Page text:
Research Article: Air pollution influences the incidence of otitis media in children: A national population-based study

Date Published: June 28, 2018

Publisher: Public Library of Science

Author(s): Mina Park, Jiyeon Han, Myoung-jin Jang, Myung-Whan Suh, Jun Ho Lee, Seung Ha Oh, Moo Kyun Park, Alexander Larcombe.


Otitis media (OM) is a major reason for children’s visits to physicians and a major cause of their being treated with antibiotics. It not only causes economic burdens but also influences hearing, speech, and education. To our knowledge, no nationwide population-based study has assessed the association between air pollution and OM. Therefore, this study evaluated the association between air pollution levels and the incidence of OM.

We identified cases of OM that occurred in South Korea between January 2011 and December 2012 from the Korea National Health Insurance Service-National Sample Cohort database, and evaluated its relationship with five air pollutants: particulate matter (PM10, particulates ≤10 μm in diameter), nitrogen dioxide (NO2), ozone (O3), sulfur dioxide, and carbon monoxide. Associations between the weekly incidence of OM and the five air pollutants were analyzed using generalized estimating equations. Conditional logistic regression analysis was used to obtain odds ratios (ORs) and their 99.9% Bonferroni-corrected confidence intervals after adjusting for gender, age, season, and region.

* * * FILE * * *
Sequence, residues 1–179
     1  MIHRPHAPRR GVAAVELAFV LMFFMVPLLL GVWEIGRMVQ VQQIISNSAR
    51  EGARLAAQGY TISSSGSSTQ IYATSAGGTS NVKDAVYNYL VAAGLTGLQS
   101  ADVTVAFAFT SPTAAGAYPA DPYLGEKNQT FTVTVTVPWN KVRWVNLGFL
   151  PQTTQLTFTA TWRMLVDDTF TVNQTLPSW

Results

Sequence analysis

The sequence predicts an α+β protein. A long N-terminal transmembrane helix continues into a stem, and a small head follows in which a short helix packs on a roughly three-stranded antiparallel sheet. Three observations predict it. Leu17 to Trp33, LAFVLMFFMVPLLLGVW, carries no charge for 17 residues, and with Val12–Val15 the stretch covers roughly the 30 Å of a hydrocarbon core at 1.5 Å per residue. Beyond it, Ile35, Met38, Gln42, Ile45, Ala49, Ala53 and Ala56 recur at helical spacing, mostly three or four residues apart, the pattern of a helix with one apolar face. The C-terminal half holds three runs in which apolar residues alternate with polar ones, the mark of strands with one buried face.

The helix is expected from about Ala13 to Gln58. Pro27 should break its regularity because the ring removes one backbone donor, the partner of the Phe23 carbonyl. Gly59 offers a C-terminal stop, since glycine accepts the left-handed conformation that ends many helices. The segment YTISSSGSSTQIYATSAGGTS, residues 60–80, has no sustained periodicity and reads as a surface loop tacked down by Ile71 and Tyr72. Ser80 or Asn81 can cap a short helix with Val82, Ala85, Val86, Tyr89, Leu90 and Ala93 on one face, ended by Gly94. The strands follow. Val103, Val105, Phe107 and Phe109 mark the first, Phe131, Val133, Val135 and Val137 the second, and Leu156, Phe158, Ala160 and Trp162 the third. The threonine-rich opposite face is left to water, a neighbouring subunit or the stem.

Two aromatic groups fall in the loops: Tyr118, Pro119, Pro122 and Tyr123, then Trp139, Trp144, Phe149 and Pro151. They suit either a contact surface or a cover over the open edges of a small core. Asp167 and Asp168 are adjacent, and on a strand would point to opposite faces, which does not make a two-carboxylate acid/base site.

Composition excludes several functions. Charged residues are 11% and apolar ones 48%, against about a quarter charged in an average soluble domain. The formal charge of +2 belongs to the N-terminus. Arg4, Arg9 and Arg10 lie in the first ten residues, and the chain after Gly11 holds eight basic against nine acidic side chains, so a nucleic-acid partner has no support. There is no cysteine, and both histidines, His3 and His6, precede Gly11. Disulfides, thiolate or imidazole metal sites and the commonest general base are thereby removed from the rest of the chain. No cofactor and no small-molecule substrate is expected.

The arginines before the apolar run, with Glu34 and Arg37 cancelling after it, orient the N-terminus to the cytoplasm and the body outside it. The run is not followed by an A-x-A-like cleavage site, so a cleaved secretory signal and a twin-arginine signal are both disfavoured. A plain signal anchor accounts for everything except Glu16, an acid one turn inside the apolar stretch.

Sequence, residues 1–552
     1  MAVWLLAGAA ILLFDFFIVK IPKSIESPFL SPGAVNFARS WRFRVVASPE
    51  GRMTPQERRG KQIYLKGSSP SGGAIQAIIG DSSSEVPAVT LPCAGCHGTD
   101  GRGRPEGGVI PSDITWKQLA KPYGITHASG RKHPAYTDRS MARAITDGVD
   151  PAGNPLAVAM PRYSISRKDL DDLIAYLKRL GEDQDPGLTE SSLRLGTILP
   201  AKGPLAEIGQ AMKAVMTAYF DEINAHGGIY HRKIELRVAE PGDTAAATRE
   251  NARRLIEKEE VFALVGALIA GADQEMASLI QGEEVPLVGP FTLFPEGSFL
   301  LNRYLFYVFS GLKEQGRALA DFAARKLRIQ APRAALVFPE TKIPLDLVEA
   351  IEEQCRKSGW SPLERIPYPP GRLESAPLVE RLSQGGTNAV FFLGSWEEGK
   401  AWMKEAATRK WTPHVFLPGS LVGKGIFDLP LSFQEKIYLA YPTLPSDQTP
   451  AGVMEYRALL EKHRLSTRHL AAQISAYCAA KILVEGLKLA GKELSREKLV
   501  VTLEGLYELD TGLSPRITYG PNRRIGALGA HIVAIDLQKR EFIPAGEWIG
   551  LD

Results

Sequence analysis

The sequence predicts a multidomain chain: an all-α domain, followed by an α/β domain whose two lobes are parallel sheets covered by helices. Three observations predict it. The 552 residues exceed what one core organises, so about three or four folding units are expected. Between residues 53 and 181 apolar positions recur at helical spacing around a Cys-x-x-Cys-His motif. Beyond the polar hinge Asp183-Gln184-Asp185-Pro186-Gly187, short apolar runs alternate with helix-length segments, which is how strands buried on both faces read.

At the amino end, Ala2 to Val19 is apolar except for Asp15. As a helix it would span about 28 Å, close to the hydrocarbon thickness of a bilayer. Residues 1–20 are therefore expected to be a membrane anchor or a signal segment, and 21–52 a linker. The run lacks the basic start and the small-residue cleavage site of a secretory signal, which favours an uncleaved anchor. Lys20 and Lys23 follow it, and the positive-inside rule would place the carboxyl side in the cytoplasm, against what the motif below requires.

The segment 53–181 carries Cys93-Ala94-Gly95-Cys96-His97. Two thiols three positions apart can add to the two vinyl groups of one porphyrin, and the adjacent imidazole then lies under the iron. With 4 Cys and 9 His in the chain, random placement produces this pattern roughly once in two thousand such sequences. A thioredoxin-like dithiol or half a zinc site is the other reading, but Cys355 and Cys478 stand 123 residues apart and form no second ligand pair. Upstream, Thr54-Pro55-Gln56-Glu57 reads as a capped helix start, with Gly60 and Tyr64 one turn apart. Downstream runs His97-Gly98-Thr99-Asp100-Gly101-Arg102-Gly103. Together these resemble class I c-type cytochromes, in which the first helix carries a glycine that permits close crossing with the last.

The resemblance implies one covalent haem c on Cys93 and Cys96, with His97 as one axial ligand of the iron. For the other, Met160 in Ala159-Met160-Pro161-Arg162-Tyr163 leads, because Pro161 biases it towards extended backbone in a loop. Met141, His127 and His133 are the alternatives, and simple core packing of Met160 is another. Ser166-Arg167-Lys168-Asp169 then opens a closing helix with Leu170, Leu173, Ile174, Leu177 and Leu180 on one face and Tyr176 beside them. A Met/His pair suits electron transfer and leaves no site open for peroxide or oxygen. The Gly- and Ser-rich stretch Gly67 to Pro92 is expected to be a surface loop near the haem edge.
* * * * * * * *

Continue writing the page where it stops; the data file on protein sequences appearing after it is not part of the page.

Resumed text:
We based our analysis on 160,875 hospital visits for OM by children aged <15 years. Correlations with higher concentrations of the five pollutants showed higher ORs than did the reference values at most time lags. PM10 had the largest influence on the OM incidence at a time lag of 0 weeks, whereas NO2 and O3 had the largest impacts on OM incidence at time lags of 1 and 4 weeks, respectively. These findings support the notion that the incidence of OM is associated with ambient air pollution.

Partial Text

Otitis media (OM) is a major reason for children’s visits to physicians [1] and a major cause of their being treated with antibiotics [2]. Moreover, OM has effects on hearing, speech, and educational performance. The total economic burden of acute OM is estimated to be approximately $606 million per year in South Korea. Moreover, the average cost of admission for acute OM per person was about $1,690 per year, and that of outpatient visits was $199 per person [3].

By analyzing the incidence of OM over the whole of South Korea in 2011 and 2012, we showed a significant relationship between ambient air pollutants and the incidence of OM in children aged <15 years. Among the five pollutants analyzed, PM10, NO2, and O3 showed the greatest effects at time lags 0, 1, and 4, respectively. Higher SO2 and CO levels showed increased influence on OM compared with the lowest concentration quartiles. Above all, PM10 was most strongly associated with OM. PM10 concentrations ≥151 μg/m3 showed a significantly greater impact on OM compared with PM10 ≤30 μg/m3 at time lag 0 (OR = 1.34, 99.9% CI = 1.17–1.54).   Source:


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